The 3 Biggest Goal-Setting Mistakes & How to Avoid Them

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Have you ever set a goal (or five) at the start of the new year, then fallen way off track just a few months later? You’re not alone. Read along to learn more about the three most common goal-setting mistakes I see in my practice, along with actionable tips on setting goals you can really stick to.

The start of the New Year is often a catalyst for change in our lives. Whether you make resolutions or not, you probably have some goals for this year. Maybe this is when we decide to focus harder on healthy eating, fitness, de-stressing, or improving our relationships. We start out in January with the best of intentions, but often, the goals we begin to work on fall by the wayside once the novelty of the new year wears off.

Why is adherence so tricky? What goal-setting mistakes am I making?

1. Our goals aren’t SMART

You’ve probably heard this mnemonic in school or at work, but it can be a helpful tool in your personal life too. As you set goals, run them through the SMART test to make sure they’re not… dumb. If you have one big goal, you can break it down into a few smaller goals like I’m about to do below.

Specific

Let’s use healthy eating as an example. Although a goal like “eat healthier” is well-intentioned, it’s pretty vague. Instead, think about what actual changes you’ll need to make to eat healthier. A more specific objective might be, “eat more veggies.”

Measurable

Our specific goals are less meaningful if we can’t measure them. Building off of our healthy eating example, let’s make our vegetable goal measurable. “Eat more veggies” might turn into, “Add one serving of veggies to lunch.”

Attainable

Is our goal something that we can achieve? I’ll add a caveat here- don’t be afraid to set a challenging goal! If you’re persistent in the pursuit of your goal, you’ll get there. You can also make your goal more ambitious as you start seeing success.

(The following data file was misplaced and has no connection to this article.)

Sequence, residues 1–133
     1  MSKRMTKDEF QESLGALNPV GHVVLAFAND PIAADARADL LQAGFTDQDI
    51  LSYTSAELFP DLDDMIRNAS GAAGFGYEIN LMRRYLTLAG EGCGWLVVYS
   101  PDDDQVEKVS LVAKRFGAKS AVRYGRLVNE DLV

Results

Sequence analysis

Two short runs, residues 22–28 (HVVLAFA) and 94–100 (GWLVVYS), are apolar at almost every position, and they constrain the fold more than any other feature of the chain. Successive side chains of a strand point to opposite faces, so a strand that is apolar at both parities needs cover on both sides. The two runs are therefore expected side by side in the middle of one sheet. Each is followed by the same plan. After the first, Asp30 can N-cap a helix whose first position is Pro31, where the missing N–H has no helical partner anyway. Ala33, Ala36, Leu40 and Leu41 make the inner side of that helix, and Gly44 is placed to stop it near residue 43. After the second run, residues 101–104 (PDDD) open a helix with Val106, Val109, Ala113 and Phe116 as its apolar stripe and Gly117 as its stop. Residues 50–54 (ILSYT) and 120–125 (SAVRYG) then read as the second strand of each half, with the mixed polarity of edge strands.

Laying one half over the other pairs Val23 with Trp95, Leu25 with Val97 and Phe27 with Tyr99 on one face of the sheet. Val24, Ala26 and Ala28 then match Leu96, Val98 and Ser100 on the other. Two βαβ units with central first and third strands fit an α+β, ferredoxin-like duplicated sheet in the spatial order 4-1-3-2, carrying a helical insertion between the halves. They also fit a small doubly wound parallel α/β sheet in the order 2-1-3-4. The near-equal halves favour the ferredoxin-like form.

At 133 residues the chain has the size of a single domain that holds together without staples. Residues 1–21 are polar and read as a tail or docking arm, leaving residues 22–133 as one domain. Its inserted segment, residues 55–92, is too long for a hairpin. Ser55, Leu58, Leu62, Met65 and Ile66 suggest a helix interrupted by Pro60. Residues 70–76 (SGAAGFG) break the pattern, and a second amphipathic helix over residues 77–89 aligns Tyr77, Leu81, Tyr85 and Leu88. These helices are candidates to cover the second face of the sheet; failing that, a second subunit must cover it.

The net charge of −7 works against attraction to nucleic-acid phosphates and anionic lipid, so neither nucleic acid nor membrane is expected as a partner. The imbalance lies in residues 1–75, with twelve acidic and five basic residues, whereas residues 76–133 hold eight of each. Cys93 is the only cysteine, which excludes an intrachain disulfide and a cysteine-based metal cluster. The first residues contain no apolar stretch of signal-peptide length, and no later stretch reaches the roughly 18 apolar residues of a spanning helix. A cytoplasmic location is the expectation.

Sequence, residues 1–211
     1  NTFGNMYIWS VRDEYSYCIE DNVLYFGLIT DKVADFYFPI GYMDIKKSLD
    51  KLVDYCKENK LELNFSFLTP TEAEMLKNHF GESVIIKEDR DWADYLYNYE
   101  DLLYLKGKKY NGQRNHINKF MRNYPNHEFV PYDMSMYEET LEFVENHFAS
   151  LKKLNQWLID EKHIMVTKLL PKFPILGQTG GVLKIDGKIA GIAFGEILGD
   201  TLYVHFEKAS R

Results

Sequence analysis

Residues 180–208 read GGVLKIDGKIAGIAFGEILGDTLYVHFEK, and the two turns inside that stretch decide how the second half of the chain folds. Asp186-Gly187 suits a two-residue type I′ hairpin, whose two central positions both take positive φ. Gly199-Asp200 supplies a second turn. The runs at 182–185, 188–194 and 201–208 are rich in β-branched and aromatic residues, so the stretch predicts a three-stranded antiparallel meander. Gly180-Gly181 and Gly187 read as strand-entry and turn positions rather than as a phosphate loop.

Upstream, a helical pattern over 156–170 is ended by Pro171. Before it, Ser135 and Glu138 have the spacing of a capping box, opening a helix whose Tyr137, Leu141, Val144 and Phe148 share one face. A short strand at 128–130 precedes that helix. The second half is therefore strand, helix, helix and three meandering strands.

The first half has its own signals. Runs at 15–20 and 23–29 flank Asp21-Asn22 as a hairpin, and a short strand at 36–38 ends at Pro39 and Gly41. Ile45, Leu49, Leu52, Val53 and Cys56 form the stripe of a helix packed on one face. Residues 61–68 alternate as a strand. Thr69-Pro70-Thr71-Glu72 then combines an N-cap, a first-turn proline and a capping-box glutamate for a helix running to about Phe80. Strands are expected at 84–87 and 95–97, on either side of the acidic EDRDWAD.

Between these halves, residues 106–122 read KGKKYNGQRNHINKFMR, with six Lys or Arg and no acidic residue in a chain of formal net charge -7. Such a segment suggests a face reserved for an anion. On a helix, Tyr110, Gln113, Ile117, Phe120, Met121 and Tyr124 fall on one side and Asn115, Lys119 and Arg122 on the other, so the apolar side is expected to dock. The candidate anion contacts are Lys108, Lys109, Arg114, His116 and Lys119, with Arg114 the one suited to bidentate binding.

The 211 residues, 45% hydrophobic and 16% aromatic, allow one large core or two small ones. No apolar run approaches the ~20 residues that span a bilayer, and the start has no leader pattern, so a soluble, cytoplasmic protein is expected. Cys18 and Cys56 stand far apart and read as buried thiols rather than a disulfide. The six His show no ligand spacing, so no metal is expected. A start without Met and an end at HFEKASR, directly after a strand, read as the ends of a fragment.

Staying with our veggie example, it’s probably pretty realistic to add a serving of veggies at lunch. Throwing some carrot sticks in a bag is definitely something we can do.

Relevant

Reflect–does your goal matter to you? Does it align with other bigger goals that you have? If our original intent was to eat healthier, then adding a serving of veggies definitely aligns with that.

Timely

It is important to set several time parameters when we’re setting goals. How many days per week do you expect to do this new behavior? At what point will you be able to say you’ve been successful? With all of that in mind, our goal would be, “Bring a veggie snack to lunch 4 days per week during the month of January.”

2. We expect ourselves to be perfect right away

Repeat after me: “Relapse is normal.” Seriously, we all mess up. It’s easy to give up once you slip up. This is the “I ate one cookie, therefore I failed at my diet, so I might as well eat the whole box” mentality. Avoid this kind of thinking by remembering why you set your goal in the first place.

It can take a significant amount of time to change behavior, so it’s important to be patient. Although there’s no magic number, researchers estimate that it takes about 66 days to form a new habit. Stick with it! If you make a mistake, remind yourself of your successes, brush yourself off, and keep going. 

3. We don’t track our success

It’s hard to say we’ve been successful if we have no data to back it up. I’m a dork about data. I thrive on it. It’s cool. Hard numbers can make fuzzy topics like goals more objective, which is awesome. Going back to our veggie example again… Let’s say we’re putting a checkmark on our calendar every day we successfully remember to bring our little bag of carrot sticks. If our goal was to bring a veggie snack 4 days per week for a month, and we could see (based on our calendar) that we usually remember on 3 days per week, then we can say that we’re almost there!

Seeing a visual representation of our success can improve our motivation.

There are a variety of strategies you can use to track your success. You can use the calendar example we just went over, you can try a food tracking app, you can use a habit tracker app, or make your very own personalized tracker. And…. lucky you! I’ve created a customizable habit tracker to thank you for hanging out with me at Chelsea Dishes.

Click here to download my signature habit tracker for free!

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